The Halal Meat Industry
In 2021, the market for Wagyu beef was estimated to be worth \$12,638 million. By 2030, it is anticipated to reach USD 21,310 million, expanding at a CAGR of 5.9% over the projection period (2022–2030). The highest market share belongs to Asia-Pacific, which is anticipated to expand at a CAGR of 7.5% over the forecast period.
Wagyu beef companies concentrate on and prosper on institutional consumers such as hotels, hotel chains, and high-end restaurant brands while the retail consumer sector serves as the mainstay of the mass meat industry. According to studies, institutional B2B clients account for almost 85% of Wagyu beef sales. With a presence at airports, upscale malls, superstores, and urban regions, several Wagyu beef companies have partnered with hotel chains, restaurant groups, and specialist eateries. Wagyu beef producers also operate in the retail sector through a variety of B2C distribution channels. B2B and restaurant food chains have a significant impact on the sales strategy, but high-end superstores and online retail platforms are also targeted by businesses.
In the twenty-first century, online stores provide a very effective method for participants in essentially all types of markets to market and sell their goods. Similar to other industries, the global Wagyu beef industry uses internet sales as a marketing and product-selling strategy. One of the most useful features of the online sales and e-commerce websites used by participants in the worldwide Wagyu beef business is the ability to target particular audiences. Online sales are also fuelled by a sizable audience on one platform in the worldwide Wagyu beef industry. The market for Wagyu beef has grown as more people are starting to order it and other products online and through e-commerce sites. Global demand for Wagyu beef products is rising as e-commerce websites and enterprises quickly expand in developed, developing, and emerging nations.
The North American, European, Asian-Pacific, South American, Middle Eastern, and African regions make up the majority of the worldwide Wagyu beef market. The Asia-Pacific region dominates the world market.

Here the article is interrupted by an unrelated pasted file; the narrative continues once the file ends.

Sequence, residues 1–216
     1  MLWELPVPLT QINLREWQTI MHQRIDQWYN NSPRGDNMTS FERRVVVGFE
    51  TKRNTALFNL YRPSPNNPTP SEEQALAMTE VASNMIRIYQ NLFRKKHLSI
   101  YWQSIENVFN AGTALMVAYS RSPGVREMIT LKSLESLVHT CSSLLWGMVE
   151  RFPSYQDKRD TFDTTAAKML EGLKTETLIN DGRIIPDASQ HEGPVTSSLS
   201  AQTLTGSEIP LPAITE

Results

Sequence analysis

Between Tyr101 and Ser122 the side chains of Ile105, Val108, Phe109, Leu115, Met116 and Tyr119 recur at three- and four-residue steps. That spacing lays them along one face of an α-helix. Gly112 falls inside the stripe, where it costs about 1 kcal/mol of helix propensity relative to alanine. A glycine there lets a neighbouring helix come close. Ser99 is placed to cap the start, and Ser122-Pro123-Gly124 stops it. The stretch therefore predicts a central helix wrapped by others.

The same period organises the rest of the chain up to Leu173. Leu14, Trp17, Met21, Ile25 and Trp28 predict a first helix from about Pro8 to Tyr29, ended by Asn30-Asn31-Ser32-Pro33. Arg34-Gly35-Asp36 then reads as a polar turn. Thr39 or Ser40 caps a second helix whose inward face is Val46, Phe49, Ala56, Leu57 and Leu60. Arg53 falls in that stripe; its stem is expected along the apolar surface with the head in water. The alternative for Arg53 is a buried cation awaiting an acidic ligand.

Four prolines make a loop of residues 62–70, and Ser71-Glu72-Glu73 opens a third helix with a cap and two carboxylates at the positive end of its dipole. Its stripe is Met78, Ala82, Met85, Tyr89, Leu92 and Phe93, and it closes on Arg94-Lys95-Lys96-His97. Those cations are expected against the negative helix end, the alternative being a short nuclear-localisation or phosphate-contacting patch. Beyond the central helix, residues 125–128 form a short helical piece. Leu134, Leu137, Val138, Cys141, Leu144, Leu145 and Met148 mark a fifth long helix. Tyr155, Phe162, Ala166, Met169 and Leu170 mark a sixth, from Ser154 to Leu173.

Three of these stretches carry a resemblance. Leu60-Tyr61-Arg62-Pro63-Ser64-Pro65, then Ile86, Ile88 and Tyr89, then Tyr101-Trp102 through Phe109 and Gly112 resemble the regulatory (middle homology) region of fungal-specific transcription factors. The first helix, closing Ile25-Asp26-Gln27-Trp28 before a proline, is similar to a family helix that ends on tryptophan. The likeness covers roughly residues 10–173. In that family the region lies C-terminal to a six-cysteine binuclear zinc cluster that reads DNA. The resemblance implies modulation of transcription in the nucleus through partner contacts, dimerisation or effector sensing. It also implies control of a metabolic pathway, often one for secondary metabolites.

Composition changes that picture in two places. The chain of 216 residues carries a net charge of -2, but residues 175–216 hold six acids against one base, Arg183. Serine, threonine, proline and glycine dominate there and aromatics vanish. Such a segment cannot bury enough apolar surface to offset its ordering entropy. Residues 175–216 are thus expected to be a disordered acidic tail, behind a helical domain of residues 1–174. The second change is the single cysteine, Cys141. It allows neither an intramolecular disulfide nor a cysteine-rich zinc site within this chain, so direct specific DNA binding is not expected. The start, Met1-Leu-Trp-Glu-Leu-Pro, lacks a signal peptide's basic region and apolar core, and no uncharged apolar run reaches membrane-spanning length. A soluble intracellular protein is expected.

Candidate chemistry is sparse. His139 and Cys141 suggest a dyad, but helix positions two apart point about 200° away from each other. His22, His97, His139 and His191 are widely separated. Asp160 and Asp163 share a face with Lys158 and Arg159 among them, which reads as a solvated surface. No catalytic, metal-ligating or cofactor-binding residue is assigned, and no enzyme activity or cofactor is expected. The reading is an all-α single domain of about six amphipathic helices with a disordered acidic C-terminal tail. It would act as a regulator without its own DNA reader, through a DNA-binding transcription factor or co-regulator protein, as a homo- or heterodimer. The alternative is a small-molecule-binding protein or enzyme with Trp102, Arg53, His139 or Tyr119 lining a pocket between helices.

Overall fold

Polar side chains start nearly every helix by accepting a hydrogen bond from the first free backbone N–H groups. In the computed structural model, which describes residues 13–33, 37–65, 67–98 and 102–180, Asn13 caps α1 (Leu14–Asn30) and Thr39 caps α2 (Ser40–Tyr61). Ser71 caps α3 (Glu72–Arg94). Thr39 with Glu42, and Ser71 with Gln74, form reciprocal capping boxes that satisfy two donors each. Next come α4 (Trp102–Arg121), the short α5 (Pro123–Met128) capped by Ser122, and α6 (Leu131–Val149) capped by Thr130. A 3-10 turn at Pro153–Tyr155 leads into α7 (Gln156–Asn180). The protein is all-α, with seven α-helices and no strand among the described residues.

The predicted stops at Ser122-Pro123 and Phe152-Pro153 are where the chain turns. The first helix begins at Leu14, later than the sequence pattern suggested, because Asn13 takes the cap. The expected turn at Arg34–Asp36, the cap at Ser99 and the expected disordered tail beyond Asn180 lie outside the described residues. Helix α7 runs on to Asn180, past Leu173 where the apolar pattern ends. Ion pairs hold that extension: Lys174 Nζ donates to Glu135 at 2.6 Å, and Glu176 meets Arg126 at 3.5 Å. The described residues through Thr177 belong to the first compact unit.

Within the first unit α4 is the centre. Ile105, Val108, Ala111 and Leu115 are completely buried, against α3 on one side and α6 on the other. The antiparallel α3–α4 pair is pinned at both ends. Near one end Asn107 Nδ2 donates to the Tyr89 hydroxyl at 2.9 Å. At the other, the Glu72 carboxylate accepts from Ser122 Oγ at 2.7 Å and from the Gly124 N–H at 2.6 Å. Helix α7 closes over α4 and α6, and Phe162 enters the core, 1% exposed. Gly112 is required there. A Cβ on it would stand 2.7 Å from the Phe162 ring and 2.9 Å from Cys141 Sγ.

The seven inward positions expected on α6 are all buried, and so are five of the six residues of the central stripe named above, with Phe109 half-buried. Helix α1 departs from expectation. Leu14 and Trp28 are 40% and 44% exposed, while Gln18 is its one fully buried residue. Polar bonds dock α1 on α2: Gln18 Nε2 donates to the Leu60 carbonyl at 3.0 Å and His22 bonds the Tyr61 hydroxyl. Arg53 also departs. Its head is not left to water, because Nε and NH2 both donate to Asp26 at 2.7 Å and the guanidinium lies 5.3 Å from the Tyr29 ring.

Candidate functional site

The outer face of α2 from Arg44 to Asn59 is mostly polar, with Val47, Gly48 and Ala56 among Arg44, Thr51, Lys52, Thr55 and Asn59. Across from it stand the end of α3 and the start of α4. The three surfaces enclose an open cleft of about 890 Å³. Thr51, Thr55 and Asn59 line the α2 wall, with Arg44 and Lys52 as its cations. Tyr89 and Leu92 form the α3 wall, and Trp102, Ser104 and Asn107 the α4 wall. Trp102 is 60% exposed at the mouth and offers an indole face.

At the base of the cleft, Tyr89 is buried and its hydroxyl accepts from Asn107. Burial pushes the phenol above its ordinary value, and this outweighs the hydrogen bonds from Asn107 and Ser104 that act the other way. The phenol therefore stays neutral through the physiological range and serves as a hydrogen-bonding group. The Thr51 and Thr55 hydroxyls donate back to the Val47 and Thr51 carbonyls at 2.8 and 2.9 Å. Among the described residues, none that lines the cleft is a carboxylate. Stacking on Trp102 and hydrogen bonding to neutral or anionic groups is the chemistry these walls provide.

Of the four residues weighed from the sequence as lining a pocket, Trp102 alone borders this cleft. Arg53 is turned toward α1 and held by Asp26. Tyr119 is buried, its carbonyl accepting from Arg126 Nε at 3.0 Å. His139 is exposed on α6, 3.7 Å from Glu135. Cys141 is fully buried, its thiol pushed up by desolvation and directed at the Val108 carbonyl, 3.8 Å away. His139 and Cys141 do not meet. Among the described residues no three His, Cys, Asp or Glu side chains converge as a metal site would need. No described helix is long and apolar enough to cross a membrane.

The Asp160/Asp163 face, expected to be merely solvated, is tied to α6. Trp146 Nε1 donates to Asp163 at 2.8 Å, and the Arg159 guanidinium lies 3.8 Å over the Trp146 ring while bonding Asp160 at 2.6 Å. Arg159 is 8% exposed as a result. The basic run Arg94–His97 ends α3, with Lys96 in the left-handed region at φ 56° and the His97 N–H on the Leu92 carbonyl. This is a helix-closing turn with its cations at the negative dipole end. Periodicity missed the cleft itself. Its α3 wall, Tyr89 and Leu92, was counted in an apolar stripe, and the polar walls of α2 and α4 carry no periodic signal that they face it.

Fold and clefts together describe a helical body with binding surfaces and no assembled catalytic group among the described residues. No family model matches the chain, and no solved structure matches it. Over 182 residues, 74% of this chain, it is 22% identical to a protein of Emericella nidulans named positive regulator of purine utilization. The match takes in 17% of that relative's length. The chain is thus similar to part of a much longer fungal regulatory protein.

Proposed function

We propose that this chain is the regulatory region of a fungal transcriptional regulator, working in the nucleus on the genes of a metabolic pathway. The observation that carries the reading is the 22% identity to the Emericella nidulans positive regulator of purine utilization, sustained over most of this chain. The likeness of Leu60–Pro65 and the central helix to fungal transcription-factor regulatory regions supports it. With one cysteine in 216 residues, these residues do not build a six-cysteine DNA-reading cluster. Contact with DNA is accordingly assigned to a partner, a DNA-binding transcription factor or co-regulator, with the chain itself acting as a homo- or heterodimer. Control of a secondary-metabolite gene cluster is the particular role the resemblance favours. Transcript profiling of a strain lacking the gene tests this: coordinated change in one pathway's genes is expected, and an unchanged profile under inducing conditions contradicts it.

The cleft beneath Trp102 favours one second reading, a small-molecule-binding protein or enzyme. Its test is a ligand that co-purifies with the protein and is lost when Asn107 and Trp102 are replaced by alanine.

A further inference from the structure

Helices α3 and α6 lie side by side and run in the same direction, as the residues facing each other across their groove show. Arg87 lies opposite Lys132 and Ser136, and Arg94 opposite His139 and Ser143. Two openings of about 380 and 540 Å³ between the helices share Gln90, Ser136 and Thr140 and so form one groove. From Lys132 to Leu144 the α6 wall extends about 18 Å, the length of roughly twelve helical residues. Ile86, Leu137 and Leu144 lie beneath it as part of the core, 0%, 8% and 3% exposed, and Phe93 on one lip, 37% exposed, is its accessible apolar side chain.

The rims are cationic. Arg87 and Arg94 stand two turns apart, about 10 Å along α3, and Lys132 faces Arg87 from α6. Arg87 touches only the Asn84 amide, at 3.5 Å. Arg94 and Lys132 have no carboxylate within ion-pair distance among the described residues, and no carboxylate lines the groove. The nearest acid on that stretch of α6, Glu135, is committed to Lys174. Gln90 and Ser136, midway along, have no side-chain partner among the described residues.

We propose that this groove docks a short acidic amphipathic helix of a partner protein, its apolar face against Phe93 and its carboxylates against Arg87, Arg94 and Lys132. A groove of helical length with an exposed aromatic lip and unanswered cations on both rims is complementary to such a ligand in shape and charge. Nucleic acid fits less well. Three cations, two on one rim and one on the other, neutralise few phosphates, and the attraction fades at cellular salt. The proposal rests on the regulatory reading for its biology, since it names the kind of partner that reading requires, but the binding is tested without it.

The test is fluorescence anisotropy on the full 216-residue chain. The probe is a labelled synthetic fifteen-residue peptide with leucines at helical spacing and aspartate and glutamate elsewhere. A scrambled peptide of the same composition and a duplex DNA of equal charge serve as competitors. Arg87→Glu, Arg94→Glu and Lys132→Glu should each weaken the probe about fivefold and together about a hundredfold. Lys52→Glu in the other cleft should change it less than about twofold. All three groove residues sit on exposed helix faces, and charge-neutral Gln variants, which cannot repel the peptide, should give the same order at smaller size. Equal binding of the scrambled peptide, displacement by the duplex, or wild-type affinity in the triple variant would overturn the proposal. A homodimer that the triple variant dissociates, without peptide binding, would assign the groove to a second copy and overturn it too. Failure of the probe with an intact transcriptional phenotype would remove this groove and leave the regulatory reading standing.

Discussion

The Japanese Breed, Australian Breed, and Other categories make up the global Wagyu beef market. The market share held by Japanese Breed is the greatest and is anticipated to increase at a CAGR of 6.1% by 2030.
An expanding consumer base looking for healthier meat options is probably what will fuel the global Wagyu beef business.
Frequently Asked Questions
Is Wagyu halal?
Either wagyu beef is halal or haram. Islam considers Wagyu to be Haram if the cattle are given alcohol before being slaughtered, but Halal if they are not given any alcohol at all. Because the Wagyu beef we sell is 100 per cent halal, Muslims can eat it without concern.
Is alcohol present in Wagyu beef?
Finding one is undoubtedly difficult. Because sake is fed to Wagyu cattle to boost appetite, the alcohol content of the beef makes it unsuitable for Muslim consumers to eat.
How is Wagyu different from other types of meat?
Genuine Wagyu beef is one of the most expensive and sought-after foods in the world. Its extensive marbling, which results in a luscious, buttery suppleness unmatched in any steak, is what makes it so unique.
Wagyu is simply Japanese beef. Wa denotes Japanese and Gyu means meat in the Japanese language. Black, Brown, Polled, and Shorthorn Japanese beef cow breeds are the only ones used to produce Wagyu. However, Japanese Black cattle account for approximately 90% of all Wagyu production.
Is Wagyu quality graded?
The Japan Meat Grading Association grades the beef to ensure the quality of Wagyu. The yield grade and quality grade serve as the foundation for the grading system. Yield grade is a measurement of the proportion of meat to carcass weight. A is the best grade for yield, meaning there is more than 72% meat per carcass, and grades range from A to C. The four criteria that make up the quality grade are marbling, meat colour, fat colour, and texture. Meat quality is graded on a scale of 1 to 5, with 5 being the highest quality. A5 Wagyu steak is the highest quality beef you can buy, so look for it.